Tuesday, 30 June 2015

Six Weeks at Yardie

I'm starting this on June 30th, but it will probably be a few days before it is finished.  The photos take a very long time to upload.  And as it is June 30th, Happy Birthday to Richard Peers, Simon Muller and Tom Markovic.

We have now been at Yardie a little over 6 weeks and away from home for a bit longer than that.  Life goes on at Yardie with the same relaxed pace.  The Strattons left nearly a week ago and very excitingly their grandson arrived safely last Friday night.  Welcome to the world, Charlie Thomas Martin.  They didn't make it home for the arrival as he was 2 weeks early, but they will get there soon.  Some of our other neighbours who have been here for a few weeks have also left - not sure if we should start to worry about what we are doing wrong!  We have had a few noise complaints, but as they were part of the noise making it can't be that.  We have very much enjoyed the company of Ron and Glenys, Peter and Barbara and Kaz and Lyn and hope to see them back here next year.

Yardie isn't a caravan park with fancy facilities, grassed sites and jumping pillows, but we love the friendly relaxed feel here.  Nobody asks you to take down an improvised clothes line or complains about where you are parked (as we have experienced in the more upmarket parks).  The long termers here are very friendly and there is plenty of socialising.  It always seems to be someone's birthday or some reason for a get together.  The Sunday roasts are very popular.  One night recently, a couple of the regulars organized a sunset sausage sizzle at one of the beaches, Wobiri.

Before Laurelle and Raymond left, we had a joy flight (is that an oxymoron as in fun run?) over the area. 

It was really interesting to see the relationship between the reef and the range and the fabulous colours of the water along the coast.

We flew over the wreck of the SS Mildura at the tip of the Cape.

We also flew around the radio communication towers built in the 1960's by the American Navy. These towers are higher than the Eiffel Tower.  They aren't used now, but are maintained just in case they are needed in the future, according to our pilot, Lincoln.  The way they are looked after and secured, it would seem that they are still quite important.

 The township of Exmouth from the air.

Also before the Strattons left, we had a lovely lunch in Exmouth at the Novotel. This is probably the premier resort in the town, located right on the beachfront. We have been there before and there never seem to be many people staying there.  The food is very good though.  Alan was disappointed that the prawn cocktail is no longer on the menu.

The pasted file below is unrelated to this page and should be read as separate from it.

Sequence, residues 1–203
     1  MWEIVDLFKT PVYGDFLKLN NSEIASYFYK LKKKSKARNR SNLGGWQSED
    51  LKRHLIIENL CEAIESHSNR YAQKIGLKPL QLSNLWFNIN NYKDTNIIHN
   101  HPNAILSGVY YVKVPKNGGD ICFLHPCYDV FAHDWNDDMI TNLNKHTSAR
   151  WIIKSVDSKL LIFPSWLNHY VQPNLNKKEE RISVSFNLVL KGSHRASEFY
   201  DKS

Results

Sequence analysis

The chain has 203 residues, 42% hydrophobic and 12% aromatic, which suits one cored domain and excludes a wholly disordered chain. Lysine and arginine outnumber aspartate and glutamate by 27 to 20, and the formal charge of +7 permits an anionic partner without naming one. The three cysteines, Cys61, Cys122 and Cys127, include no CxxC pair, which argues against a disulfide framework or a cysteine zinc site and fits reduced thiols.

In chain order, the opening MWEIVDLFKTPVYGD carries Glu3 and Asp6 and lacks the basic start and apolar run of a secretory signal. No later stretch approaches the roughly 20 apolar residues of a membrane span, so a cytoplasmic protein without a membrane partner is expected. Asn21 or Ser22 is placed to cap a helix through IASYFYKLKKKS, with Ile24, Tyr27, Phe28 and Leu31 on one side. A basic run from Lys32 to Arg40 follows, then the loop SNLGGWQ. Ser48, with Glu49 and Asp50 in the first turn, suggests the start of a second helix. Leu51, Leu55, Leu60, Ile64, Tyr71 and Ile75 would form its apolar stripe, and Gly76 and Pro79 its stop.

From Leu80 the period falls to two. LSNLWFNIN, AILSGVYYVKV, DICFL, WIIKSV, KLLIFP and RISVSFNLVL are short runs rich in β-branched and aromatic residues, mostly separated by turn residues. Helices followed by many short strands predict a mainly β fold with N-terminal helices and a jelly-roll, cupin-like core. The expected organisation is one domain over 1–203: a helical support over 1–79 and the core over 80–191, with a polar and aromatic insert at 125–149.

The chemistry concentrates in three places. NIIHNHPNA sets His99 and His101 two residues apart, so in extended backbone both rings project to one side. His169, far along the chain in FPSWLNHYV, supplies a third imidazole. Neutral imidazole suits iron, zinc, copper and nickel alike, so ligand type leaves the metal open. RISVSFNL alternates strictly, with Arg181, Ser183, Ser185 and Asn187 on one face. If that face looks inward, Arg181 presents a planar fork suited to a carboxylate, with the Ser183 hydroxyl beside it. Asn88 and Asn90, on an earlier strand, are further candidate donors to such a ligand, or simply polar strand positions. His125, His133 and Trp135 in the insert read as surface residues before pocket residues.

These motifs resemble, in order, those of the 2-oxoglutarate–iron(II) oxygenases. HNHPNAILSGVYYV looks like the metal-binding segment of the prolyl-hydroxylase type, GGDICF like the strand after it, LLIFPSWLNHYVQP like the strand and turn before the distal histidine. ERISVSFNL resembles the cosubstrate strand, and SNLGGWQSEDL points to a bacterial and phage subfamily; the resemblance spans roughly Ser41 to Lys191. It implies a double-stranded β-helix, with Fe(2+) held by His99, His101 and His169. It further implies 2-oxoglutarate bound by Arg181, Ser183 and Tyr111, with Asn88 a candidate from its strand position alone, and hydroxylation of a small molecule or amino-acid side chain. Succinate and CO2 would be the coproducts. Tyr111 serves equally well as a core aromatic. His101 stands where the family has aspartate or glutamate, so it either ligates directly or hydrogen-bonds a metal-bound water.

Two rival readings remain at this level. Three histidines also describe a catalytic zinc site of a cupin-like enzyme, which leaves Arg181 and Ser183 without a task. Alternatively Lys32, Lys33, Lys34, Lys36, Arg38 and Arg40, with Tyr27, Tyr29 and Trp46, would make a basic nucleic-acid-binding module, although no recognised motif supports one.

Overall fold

Apart from all the eating and drinking, there has been some serious work happening - fishing!  All those of you who are tired of seeing fish photos, look away now.  And for those who question the number of large fish that are being brought in, none of it is wasted.  There are lots of people here who can't get outside the reef to catch the big fish, and they are more than happy to share in the spoils.  Even the frames get used, and someone actually took the liver to cook!  Glad we aren't living near them and asked to sample it.  These ones are ruby snapper, caught a very long way out in very deep water.  Beautiful to eat!

 This one is a Coronation/Coral Trout - it seems to have 2 different names.

Not the best angle for this fish, but it is a Spanish Mackerel.

Some more rubies (believe it or not, some people actually like seeing all these photos of fish!)

As well as fishing a long way out for the really big ones, it is very pleasant spending a few hours on the beach hoping something will jump on the line.  Not me of course, I need the time to relax.

There were about 20 squid caught this time.

This is a photo of a fish jumping over a stick in the water.  It wasn't just an accident, it jumped over and back a few times.  Clever fish!

The only other signs of life on the beach on this day.  It's hard to believe all these miles of pristine beach and no-one there.  Not complaining, just saying.

Tugga is getting used to the water now and enjoys a bit of a paddle.  He is starting to swim and retrieve sticks, but only if they aren't too far out.

The rock pools are good places to find interesting things.

Sometimes there are other dogs to play with ...

... and unfortunately then Alan has to stop and talk to the dog's owner about what kind of dog he is, how old he is and all the other boring stuff that other dog owners want to know about.

There are other interesting things on the beach as well!



more shells and sea urchins


sponges and sea urchins

and another sea urchin

Over the last few days there have been very large swells along the coast, coming from a huge storm in the south.  Good for surfing and beachcombing, but not for fishing unfortunately.

And of course I couldn't finish without some sunset photos.  They are particularly beautiful in this part of Australia.

So that's your lot for this time, and actually all finished in one day. I'm going to try and do a post each week from now on so that it doesn't take so long in one sitting.

Merrilyn x

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